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Extraterritorial obligations and the obligation to protect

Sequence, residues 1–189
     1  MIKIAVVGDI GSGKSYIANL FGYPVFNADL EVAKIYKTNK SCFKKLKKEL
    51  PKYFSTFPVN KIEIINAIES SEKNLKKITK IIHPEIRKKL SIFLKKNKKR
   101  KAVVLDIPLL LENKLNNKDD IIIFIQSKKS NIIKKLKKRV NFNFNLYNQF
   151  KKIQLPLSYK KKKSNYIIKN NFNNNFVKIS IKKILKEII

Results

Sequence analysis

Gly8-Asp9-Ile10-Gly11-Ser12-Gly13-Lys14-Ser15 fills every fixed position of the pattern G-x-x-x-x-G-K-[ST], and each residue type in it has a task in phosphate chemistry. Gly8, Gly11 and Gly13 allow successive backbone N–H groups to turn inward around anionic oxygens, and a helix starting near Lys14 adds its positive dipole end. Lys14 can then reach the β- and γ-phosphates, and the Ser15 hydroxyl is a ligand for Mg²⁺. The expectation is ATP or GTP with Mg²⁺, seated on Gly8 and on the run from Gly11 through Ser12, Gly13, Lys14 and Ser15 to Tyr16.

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Since the late 1970s, what we today label ‘globalisation’ has altered many aspects of international law, not least international human rights law. This has been reflected inter alia in increased calls for universal respect for human rights beyond a state’s territorial border. The challenges to territoriality in this regard does not only relate to the actions of states abroad, but also with respect to their regulation of the conduct of business enterprises over which they exert significant influence. The chapter analyses the European Court of Human Rights’ jurisprudence and practice of the UN human rights bodies, and argues that extraterritorial human rights obligations have become an integral part of international human rights law. It is held that what has been seen as ‘exceptional’ now represent ‘common practice’. This conclusion is then applied to the discussion of the new treaty on human rights as currently being drafted.